Take a Breath, Zealots and Nutjobs, the 'No Man's Sky' Delay Is a Good Thing

Delays may be frustrating for the consumer, but they aren't bad for the game. 


No Man’s Sky has already developed one of the most dedicated followings we’ve seen in the video game industry to this day, promising epic space exploration on an absolutely massive scale. Filled with trillions upon trillions of planets separated into even more solar systems, No Man’s Sky has promised consumers a universe to explore — and it looks like that universe is going to take a little more time to touch up than the team anticipated.

Set to release on June 21, No Man’s Sky faced a rumored delay originally reported on by Kotaku late last month. A few days after Kotaku’s report, Sony released an official announcement from Sean Murray, Founder of Hello Games, confirming the delay and offering some details on the reason behind it:

“The game really has come together, and it’s such an incredible relief. As we sit and play it now, and as I watch playtesters every day, I can finally let myself get excited. We’re actually doing this.
“However, as we approached our final deadlines, we realized that some key moments needed extra polish to bring them up to our standards. I have had to make the tough choice to delay the game for a few weeks to allow us to deliver something special.
“The universe of No Man’s Sky is incredible vast. More than you can imagine. This is a type of game that hasn’t been attempted before, by a smaller team than anyone would expect, under an intense amount of expectation.”

The full announcement continues to address the loyal fans supporting No Man’s Sky and announce the new release date for the game, August 10 here in the U.S.; which is roughly seven weeks past the planned release.


When you think about it, seven weeks isn’t too much time – especially when the game in question has been in development for nearly four years. It’s also worth mentioning that Hello Games faced some difficult times too, including a flood on Christmas Eve that nearly wiped out everything in their office.

Despite the flood and the difficulties many indie studios face though, Hello Games recovered to continue crafting the experience of No Man’s Sky — which they are hoping to deliver to consumers at its best possible state. You’d think there would be nothing wrong with that, but for many gamers that just wasn’t the case.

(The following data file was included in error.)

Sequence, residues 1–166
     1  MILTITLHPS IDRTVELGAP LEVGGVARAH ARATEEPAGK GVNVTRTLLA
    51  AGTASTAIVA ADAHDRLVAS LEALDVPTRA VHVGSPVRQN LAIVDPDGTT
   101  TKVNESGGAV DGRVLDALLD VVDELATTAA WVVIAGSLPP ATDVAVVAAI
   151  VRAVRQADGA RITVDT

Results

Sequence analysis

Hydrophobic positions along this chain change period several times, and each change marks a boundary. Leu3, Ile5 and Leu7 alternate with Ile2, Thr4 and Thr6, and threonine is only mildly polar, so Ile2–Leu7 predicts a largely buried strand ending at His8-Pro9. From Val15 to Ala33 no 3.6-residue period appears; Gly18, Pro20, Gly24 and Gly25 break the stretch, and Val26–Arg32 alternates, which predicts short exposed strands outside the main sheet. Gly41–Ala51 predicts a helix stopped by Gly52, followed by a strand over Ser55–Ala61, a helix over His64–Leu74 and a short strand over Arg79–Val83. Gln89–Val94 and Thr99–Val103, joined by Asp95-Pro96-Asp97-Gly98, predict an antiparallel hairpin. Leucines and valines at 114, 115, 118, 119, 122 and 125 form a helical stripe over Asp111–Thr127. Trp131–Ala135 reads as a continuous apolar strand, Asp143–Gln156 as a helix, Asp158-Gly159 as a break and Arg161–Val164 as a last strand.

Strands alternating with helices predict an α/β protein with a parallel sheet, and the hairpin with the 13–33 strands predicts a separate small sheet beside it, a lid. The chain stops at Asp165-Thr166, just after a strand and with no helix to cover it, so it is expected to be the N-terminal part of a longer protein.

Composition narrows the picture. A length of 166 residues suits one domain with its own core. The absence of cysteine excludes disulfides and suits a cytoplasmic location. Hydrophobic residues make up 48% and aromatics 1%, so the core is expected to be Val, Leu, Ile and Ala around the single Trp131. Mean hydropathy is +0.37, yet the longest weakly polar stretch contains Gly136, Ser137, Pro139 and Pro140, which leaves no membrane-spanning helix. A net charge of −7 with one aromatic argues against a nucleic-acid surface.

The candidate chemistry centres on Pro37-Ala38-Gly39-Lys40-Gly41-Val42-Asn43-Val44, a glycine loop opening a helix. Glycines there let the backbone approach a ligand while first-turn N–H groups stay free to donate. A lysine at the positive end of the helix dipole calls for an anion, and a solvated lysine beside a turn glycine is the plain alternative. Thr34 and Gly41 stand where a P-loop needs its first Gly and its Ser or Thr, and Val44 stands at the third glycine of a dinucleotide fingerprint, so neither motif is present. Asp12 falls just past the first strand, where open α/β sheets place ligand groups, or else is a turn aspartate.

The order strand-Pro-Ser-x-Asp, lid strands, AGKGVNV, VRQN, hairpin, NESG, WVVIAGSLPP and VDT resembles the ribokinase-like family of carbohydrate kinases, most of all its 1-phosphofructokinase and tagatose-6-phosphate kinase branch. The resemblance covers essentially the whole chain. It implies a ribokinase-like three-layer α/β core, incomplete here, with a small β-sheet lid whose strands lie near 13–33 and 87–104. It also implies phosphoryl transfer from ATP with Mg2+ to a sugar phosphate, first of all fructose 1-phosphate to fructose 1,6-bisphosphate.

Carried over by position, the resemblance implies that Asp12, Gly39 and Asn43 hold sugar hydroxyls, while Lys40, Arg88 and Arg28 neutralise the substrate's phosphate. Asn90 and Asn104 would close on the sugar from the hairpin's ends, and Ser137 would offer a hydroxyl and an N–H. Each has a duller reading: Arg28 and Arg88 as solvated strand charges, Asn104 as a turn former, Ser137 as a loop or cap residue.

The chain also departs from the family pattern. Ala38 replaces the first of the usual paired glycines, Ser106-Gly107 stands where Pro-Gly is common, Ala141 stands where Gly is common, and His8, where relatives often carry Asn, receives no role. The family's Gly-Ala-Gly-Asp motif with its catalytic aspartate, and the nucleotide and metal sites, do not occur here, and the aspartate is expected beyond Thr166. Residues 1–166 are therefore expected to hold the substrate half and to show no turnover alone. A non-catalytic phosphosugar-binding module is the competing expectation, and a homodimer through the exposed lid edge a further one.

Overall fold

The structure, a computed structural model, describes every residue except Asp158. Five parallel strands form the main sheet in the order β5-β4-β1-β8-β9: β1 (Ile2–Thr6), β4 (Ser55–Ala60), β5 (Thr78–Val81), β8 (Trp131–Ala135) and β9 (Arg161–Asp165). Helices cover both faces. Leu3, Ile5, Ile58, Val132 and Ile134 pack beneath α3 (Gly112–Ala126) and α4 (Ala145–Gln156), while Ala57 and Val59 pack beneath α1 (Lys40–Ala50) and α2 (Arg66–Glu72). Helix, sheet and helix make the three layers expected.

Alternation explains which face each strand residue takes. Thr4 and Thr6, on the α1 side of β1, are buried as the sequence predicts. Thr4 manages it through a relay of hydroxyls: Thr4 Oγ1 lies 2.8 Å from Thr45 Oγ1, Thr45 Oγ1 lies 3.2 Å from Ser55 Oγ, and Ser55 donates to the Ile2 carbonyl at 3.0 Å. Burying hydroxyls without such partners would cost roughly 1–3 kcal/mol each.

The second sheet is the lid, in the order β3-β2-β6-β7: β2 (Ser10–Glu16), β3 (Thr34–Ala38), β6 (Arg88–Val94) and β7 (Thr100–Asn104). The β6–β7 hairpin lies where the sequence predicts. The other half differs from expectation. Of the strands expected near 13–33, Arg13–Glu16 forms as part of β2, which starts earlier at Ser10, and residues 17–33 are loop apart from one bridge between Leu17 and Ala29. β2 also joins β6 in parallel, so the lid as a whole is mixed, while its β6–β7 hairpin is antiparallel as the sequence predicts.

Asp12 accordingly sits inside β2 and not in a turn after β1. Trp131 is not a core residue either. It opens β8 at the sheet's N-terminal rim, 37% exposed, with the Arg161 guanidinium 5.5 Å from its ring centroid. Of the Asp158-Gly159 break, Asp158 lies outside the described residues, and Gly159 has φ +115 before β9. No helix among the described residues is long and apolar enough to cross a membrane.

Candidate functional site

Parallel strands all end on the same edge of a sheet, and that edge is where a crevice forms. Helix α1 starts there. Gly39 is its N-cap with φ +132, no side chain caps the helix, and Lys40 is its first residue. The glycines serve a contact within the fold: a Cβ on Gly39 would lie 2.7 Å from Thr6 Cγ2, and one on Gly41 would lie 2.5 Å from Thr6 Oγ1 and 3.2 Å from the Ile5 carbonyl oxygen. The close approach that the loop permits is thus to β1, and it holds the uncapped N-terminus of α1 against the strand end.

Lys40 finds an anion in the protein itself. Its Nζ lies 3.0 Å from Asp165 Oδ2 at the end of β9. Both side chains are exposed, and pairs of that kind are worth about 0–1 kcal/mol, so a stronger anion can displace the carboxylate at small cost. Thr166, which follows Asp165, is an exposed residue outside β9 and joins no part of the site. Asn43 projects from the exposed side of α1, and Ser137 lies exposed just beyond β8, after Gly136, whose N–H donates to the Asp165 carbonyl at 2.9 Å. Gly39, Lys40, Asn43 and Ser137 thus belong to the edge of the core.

The delay of No Man’s Sky was met with waves of angry comments from consumers, some of which escalated to death threats as revealed by Sean Murray on Twitter that encouraged him to build up a Home Alone style fort to defend himself with and, honestly, that’s not okay.

No Man’s Sky isn’t the first massive, hyped up release that’s faced a delay before, and it won’t be the last. Just like with Uncharted 4’s delayed release, Hello Games is just trying to deliver the best experience to their consumers as possible. And if Uncharted 4’s review scores are any indication? They made the right decision.

See, delays like this are a welcome change of pace to the way video game development has been handled over the past few years. Typically, we’ll see publishers and development studios feeling forced to release a game on the date they promised, whether it’s complete or not, for the sake of making profit. The results drive consumers to feel the same way as with a delay too, because they’ve purchased a product that feels incomplete and then takes weeks for the developer to fix.

Hello Games is working to create a new experience that feels akin to original science fiction with No Man’s Sky, one which is promising to deliver over 18 quintillion planets that every player can openly explore to their heart’s content. It’s a massive project being developed by a small studio that is asking for a few more weeks to accomplish their goal and deliver the game we’ve all been waiting for — which is the reason why their delay should be applauded instead of condemned.